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Germany's Far Right Extremists Are Using AI Images To Incite Hatred

Bogus images of angry dark-skinned men and bloodied blond women were quickly flagged as fakes, but the quality of the artificial intelligence is only bound to improve.

Germany's Far Right Extremists Are Using AI Images To Incite Hatred

One of the AI-generated fake pictures posted by Norbert Kleinwaechter on his social media accounts.

Renate Mattar

You have seen those AI-generated images circulating on the Internet in the last few weeks: Pope Francis in a puffy white parka, Emmanuel Macron in the mud, Donald Trump being forcibly arrested… Those images went viral. Such pranks, of course, might seem mostly harmless, and have been quickly flagged as fakes.

However, AI-generated images will no doubt be used for more dangerous purposes.

In Germany this week, we already saw it taken further than an innocent joke. Norbert Kleinwaechter, a deputy chairman from the far-right party Alles für Deutschland (AfD), recently posted on his Twitter account, several AI-generated images: one depicted a young blond woman, her face covered in blood, another showed a climate activist screaming.

Yet one particular image stands out, with an inscription — “No more refugees!”


In it, we see a group of angry and aggressive-looking, dark-haired bearded men, shouting. Kleinwaechter did not reveal that the images were not actual photographs and that the people were not real — though Twitter users rather quickly pointed out that they were bogus, noting certain details such as distorted faces in the background.

Point of view v. Reality 

Kleinwaechter declared in a video that he wants to continue to use AI images, explaining that the migrant picture is, to his opinion, appropriate, even if it is a fake: “We have a hoard of migrants in the streets of Berlin, and they make the city unsafe and yell.”

Clearly, AI is helping them to spread their own perspective on immigration, as far of reality as they could be.

The AfD party also denies any attempt at disinformation, and explains to the daily Frankfurter Allgemeine Zeitung that those are “symbolic images” that they use from “image banks.” One AfD member said their movement is “much indebted” to this new form of technology, as it will help them to “generate images based on stereotypes.”

One of the fake AI-generated images AfD is spreading

Twitter

AI keeps improving

Joachim Paul, an AfD deputy, declared in Freilicht, the blog of the far-right magazine “Identitarian Movement”, that he wants to use AI for the purpose of right-wing politics.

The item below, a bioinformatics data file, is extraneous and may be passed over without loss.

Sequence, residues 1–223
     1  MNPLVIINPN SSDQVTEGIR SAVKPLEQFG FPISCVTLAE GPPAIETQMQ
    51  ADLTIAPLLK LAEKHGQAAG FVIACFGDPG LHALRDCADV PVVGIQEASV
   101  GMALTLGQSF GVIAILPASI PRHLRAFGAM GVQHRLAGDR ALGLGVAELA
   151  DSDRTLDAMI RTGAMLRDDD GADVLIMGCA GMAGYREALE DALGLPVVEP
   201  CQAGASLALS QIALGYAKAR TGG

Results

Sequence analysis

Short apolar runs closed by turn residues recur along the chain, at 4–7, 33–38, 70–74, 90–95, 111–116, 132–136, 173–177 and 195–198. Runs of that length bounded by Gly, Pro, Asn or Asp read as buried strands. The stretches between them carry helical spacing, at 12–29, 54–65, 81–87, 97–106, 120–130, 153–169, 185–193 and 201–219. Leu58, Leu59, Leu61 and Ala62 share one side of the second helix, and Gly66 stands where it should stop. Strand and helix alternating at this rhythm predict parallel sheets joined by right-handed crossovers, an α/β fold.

With the arrival of artificial intelligence, AfD has a tool to “make the world the way they present it: menacing, scary, and full of violence,” writes the German digital magazine Bell Tower. Even if for now, AI-generated images are still often recognizable as fakes, it won't stay that way for much longer.

As AI gets better at imitating reality, extremists will be able to tap into a growing set of digital tools to manipulate reality. Der Standard quotes German journalist Sascha Lobo warning against the risk of election manipulation, which goes beyond fake images. Lobo says other terrain being explored is AI-powered audio, which could generate a close imitation of someone's voice to say just about anything.

Germany knows well that, as much as images, words have a long history of inciting the masses.

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Society

Are Police Dogs Actually Throwing Officers Off The Scent?

In 2020, Salt Lake City abruptly terminated its K9 unit for pursuing and apprehending suspects. Not much changed. In fact, a lot of the evidence around using police dogs is sketchy, and the practice has worrying connections with racial terror.

A black man in a padded suit is bitten by a military working dog

A demonstration for students by Senior Airman Antoine Carr and military working dog Beta.

Peter Andrey Smith

The 911 call came early the morning of April 24, 2020: A man was reportedly at the home where his estranged wife lived, violating the protective order she had against him. Police arrived, spotlighting the backyard with flashlights. Jeffery Ryans, a 36-year-old Black man, stood outside smoking a cigarette.

According to body camera footage, officer Nickolas Pearce ordered him to the ground and warned that if Ryans didn’t comply, he’d release his dog, K9 Tuco. As Pearce and the other arriving officers approached and Ryans dropped to the ground, Pearce commanded the dog to attack: “Hit! Hit!”

“I’m on the ground,” Ryans shouted. “Why are you biting me?”

He continued yelling and screaming, the footage shows. When police cuffed Ryans, face down on the ground, Pearce urged Tuco to release its grip.

Ryans’ arrest was largely unreported until, months later and in the midst of Black Lives Matter protests, The Salt Lake Tribune published a story, along with the video footage. The original 911 call, it turned out, was less than straightforward. According to a civilian review board report, Ryans had erroneously believed the restraining order had been lifted; his estranged wife had invited him to the house; a child called 911.

More recently, on July 25, 2023, a police officer in Ohio in the U.S. released a dog on a black truck driver who was trying to surrender. But research has cast serious doubt on whether police dogs are actually effective.

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